“Life is made up of marble and mud.” – Nathaniel Hawthorne
Strange words to wake up to I must say. But it seems they’re true. Yesterday our fair town had an election with several important funding “override” questions at stake. The outcome of one ballot question especially would determine the future of my employment working with our youth. And as the sun’s early rays stream across my desk I realize that this is the first morning in several months that I can say with certainty where I’ll be working next year and beyond. It’s a very good feeling, indeed.
For me the “marble” has been the overwhelming outpouring of support by many residents of all ages that my position as Youth Advocate should continue. These townspeople, from twelve-year-olds to seniors, were rock solid, smooth and determined to speak out and be heard. They wrote letters, spoke at meetings and in effect became the very definition of community. It’s a truly humbling experience and discomforting sometimes, to watch ones life work being carried and given voice by others. It requires trust, letting go and somehow surrendering to the process. Personally, I have much to be grateful for and many people to thank in the days ahead.
And there was “mud” too. Other ballot questions that I felt our town needed to pass to remain healthy didn’t win a majority of votes and so failed. Perhaps we’ll try again this year or next. Time will tell. Personally I ask myself, what were they thinking by not voting to support the other worthy articles? But then to be honest, I’m not asking “what were they thinking?” when they voted to approve funding that affects my employment.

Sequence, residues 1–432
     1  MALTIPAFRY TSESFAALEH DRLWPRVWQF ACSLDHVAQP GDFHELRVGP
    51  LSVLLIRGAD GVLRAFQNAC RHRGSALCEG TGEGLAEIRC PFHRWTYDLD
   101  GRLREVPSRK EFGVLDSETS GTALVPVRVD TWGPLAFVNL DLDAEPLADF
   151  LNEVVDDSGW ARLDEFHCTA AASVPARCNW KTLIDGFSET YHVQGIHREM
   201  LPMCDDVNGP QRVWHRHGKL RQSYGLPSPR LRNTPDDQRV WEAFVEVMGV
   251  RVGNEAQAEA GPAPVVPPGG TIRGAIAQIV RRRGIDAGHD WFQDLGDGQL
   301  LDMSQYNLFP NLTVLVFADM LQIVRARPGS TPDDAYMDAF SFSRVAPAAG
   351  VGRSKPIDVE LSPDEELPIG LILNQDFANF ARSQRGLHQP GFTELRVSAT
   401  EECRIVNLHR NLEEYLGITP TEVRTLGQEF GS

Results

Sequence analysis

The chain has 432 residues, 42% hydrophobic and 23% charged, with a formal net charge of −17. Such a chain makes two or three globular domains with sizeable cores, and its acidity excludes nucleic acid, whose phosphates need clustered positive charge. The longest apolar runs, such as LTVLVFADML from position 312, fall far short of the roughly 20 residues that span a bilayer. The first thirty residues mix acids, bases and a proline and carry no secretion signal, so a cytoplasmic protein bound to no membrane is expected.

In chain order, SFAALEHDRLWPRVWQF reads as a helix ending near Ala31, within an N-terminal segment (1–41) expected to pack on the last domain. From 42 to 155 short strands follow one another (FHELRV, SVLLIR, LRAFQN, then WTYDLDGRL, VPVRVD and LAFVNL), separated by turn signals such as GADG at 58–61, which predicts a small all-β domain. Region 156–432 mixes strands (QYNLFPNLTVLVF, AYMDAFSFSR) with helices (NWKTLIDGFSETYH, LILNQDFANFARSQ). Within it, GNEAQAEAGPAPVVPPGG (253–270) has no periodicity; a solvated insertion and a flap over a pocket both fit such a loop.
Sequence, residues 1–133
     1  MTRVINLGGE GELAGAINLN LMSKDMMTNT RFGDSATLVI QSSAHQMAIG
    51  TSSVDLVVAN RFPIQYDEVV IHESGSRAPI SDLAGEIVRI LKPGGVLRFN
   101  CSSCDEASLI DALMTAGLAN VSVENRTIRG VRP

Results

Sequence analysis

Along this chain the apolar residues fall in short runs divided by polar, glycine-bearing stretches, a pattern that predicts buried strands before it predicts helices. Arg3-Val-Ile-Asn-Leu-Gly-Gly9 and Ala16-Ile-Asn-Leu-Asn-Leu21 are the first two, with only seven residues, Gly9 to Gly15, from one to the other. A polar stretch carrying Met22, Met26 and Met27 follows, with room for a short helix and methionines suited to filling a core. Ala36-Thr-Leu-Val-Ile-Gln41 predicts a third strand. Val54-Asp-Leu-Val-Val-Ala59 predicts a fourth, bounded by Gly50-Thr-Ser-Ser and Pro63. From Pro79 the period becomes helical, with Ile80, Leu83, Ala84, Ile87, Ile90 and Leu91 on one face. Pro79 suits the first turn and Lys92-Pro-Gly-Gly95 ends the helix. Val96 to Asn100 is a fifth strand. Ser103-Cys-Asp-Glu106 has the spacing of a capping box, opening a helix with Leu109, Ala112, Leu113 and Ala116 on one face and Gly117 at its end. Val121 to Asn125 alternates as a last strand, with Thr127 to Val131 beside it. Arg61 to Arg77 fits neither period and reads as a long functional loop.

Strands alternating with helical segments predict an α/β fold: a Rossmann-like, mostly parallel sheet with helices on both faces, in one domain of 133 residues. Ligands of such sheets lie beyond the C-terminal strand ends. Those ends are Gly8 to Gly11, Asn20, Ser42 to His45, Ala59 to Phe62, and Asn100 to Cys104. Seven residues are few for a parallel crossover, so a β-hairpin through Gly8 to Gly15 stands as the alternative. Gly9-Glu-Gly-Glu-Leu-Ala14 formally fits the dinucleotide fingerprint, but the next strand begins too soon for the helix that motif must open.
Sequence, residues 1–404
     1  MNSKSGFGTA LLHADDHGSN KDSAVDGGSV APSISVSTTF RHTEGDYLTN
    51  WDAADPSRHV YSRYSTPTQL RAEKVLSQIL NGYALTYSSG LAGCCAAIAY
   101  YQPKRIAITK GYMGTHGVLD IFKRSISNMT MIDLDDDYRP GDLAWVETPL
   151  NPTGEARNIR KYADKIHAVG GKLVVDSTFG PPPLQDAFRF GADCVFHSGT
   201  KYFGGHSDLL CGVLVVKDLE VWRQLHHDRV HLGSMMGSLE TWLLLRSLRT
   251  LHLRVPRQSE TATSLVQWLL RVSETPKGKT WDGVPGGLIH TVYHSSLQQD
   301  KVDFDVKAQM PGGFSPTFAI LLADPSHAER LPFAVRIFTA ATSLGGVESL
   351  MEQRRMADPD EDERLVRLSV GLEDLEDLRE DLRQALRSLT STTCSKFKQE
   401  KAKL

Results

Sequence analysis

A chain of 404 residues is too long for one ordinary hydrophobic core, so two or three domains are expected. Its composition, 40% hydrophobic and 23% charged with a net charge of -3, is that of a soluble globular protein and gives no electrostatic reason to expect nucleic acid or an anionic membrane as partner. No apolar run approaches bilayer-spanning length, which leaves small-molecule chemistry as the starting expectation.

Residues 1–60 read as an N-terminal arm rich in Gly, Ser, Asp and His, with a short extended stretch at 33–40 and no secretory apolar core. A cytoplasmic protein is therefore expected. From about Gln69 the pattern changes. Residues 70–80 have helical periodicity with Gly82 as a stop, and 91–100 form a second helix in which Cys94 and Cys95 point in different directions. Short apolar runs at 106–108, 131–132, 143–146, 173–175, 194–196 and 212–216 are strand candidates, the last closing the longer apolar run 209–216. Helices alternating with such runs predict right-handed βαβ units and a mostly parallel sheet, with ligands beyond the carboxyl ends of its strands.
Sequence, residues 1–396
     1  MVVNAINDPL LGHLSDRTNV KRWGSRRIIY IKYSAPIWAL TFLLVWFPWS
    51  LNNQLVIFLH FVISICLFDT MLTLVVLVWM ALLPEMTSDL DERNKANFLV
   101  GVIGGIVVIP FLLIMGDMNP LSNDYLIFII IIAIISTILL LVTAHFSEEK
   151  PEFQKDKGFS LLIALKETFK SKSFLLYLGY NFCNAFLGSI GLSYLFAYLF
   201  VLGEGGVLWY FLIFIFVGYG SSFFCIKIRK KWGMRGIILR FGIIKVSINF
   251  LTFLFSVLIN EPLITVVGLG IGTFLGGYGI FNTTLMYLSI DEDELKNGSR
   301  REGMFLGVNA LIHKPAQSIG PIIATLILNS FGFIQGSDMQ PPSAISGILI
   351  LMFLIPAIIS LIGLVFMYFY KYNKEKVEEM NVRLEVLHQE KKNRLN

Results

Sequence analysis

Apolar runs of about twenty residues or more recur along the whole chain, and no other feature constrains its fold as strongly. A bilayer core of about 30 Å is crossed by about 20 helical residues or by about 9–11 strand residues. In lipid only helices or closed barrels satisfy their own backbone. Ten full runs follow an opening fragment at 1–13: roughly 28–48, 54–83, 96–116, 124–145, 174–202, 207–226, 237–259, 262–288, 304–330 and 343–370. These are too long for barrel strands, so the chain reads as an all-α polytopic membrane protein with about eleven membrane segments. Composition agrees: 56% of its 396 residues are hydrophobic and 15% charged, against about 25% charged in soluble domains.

It’s a curious thing to care about the sum of one’s community, the whole of it; from child to senior citizen; from the shoreline edge on one side to the wooded lanes separating “our town” from the next; I even find myself thinking and caring about the trees that line our streets and the way neighborhoods look and feel when I drive through them. Last week a man said to me, “Kevin, you wake up, drive less than a mile to work, spend your day caring about our kids and go home at night and travel almost nowhere.” He said of himself, “I wake up, tear out of town as fast as I can and travel fifty-five miles to get to work, then reverse it to get home each night. I may sleep in Dartmouth but I don’t think I live here. I live on the highway, in meetings and on airplanes. The only time I think about this town is on my way out in the morning and what’s the quickest way to get on 140″
I reminded the man to vote next week. He looked at me and grinned as if he expected me to say something like that. As he got into his car and nodded with his chin I also felt like he was saying to himself, “this guy still doesn’t get it.” Maybe he’s right. Meanwhile school bells ring, garbage trucks roll and I go to work. That’s the world I travel far in every day and I like it.